Nuclear winter is a predicted climatic effect of nuclear war. It has been theorized that severely cold weather and reduced sunlight for a period of months or even years could be caused by detonating large numbers of nuclear weapons, especially over flammable targets such as cities, where large...

 scenario popularised in the 1980s. As the behaviour of the cloud proves to be impossible to predict scientifically, the team at Nortonstowe eventually come to the conclusion that it might be a life-form with a degree of intelligence. In an act of desperation, the scientists try to communicate with the cloud, and to their surprise succeed in doing so. The cloud is revealed to be a superorganism
Superorganism
A superorganism is an organism consisting of many organisms. This is usually meant to be a social unit of eusocial animals, where division of labour is highly specialised and where individuals are not able to survive by themselves for extended periods of time. Ants are the best-known example of...

, many times more intelligent than humans, which in return is surprised to find intelligent life-forms on a solid planet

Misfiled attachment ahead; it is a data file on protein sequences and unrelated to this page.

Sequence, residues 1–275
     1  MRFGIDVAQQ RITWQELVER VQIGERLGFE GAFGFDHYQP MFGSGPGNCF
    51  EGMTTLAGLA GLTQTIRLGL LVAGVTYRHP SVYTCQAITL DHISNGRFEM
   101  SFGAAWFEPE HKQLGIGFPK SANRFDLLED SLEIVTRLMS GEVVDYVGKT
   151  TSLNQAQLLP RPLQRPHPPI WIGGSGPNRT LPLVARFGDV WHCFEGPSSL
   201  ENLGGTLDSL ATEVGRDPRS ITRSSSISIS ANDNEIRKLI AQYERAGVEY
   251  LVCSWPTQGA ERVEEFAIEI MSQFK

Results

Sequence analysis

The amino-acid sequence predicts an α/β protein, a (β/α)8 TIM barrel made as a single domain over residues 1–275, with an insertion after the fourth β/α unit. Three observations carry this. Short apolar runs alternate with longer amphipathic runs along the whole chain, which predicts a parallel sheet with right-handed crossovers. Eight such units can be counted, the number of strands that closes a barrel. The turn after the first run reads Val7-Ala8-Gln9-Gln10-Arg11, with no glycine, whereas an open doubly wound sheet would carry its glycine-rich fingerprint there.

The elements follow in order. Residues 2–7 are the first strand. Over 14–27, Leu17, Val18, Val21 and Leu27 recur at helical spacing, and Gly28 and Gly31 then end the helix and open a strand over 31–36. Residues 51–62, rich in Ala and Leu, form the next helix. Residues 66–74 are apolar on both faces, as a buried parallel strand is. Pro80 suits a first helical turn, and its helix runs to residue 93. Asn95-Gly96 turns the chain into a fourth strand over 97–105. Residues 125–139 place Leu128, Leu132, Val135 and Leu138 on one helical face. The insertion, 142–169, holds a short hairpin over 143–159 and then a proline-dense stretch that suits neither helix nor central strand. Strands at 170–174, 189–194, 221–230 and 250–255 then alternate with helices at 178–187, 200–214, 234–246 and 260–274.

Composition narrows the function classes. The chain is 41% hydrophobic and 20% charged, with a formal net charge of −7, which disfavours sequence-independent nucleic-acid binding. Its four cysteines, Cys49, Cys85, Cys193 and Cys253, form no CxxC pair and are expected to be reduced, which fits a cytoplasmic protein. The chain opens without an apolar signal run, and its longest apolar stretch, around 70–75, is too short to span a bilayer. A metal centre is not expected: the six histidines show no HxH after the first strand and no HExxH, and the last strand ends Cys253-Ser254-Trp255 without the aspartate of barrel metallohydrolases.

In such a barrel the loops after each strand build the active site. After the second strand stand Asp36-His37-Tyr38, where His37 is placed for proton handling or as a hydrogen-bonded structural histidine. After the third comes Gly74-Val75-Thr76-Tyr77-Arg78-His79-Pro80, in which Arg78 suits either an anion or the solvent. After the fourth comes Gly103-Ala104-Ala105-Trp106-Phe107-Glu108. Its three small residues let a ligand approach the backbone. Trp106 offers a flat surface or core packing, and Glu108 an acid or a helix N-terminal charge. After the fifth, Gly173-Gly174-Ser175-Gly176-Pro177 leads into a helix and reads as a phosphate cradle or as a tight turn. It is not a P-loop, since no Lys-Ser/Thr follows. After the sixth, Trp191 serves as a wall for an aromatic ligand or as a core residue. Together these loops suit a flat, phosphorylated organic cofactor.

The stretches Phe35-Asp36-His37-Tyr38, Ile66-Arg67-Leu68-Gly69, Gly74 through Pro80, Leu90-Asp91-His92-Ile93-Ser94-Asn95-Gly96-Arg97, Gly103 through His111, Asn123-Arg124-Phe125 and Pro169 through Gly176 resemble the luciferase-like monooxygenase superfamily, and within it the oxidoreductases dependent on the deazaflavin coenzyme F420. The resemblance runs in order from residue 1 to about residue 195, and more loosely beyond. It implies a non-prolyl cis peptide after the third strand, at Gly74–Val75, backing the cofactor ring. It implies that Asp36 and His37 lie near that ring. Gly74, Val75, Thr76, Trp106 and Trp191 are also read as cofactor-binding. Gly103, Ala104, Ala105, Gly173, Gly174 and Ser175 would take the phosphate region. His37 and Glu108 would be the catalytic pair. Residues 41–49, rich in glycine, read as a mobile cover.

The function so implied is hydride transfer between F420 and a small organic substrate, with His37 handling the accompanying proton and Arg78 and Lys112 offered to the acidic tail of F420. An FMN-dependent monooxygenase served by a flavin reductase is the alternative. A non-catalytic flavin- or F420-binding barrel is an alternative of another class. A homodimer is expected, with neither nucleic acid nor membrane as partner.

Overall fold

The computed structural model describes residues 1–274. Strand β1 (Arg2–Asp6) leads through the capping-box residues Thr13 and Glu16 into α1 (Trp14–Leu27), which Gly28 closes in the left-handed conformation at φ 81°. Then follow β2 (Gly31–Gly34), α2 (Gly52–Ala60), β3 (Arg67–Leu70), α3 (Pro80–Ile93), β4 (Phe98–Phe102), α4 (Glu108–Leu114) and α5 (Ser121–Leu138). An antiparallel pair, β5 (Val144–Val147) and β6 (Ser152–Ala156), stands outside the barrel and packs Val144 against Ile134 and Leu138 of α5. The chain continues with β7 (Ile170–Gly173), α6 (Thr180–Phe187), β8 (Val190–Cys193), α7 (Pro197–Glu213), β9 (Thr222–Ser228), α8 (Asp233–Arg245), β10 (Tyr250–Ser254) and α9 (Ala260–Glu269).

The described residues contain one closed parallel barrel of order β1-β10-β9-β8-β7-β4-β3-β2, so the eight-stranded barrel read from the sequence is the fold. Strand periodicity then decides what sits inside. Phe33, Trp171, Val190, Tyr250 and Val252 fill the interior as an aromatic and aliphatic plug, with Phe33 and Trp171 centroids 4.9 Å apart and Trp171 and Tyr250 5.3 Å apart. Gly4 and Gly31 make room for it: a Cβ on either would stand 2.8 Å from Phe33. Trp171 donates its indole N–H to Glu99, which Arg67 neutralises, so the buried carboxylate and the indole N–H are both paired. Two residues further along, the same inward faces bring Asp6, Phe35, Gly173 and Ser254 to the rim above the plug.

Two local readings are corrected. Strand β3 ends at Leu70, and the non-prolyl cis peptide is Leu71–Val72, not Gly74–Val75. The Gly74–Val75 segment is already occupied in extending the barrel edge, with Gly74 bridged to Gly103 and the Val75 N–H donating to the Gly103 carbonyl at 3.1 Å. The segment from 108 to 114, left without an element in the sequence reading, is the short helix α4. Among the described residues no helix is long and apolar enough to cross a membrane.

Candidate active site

Terrestrial planet
A terrestrial planet, telluric planet or rocky planet is a planet that is composed primarily of silicate rocks or metals. Within the Solar System, the terrestrial planets are the inner planets closest to the Sun...

.

When the astronomers ask the cloud how its lifeform originated, it replies that they have always existed. One of the characters suggests this is incompatible with the Big Bang
Big Bang
The Big Bang theory is the prevailing cosmological model that explains the early development of the Universe. According to the Big Bang theory, the Universe was once in an extremely hot and dense state which expanded rapidly. This rapid expansion caused the young Universe to cool and resulted in...

 theory. Thus it may be that Hoyle was hinting at his own Steady State theory
Steady State theory
In cosmology, the Steady State theory is a model developed in 1948 by Fred Hoyle, Thomas Gold, Hermann Bondi and others as an alternative to the Big Bang theory...

 of the existence of the universe, which most cosmologist consider disproved by the discovery of cosmic background radiation.

The cloud then learns that another intelligent cloud has stopped communicating and may have mysteriously vanished, not so far away in space in the cloud's terms, so it decides to move on, relieving Earth's suffering. Two of the scientists die in an attempt to learn some of the cloud's vast store of knowledge through visual signals, in order to gain further insights about the universe. It is implied, however, that this learning process may have then been tested on a subject far more likely to survive.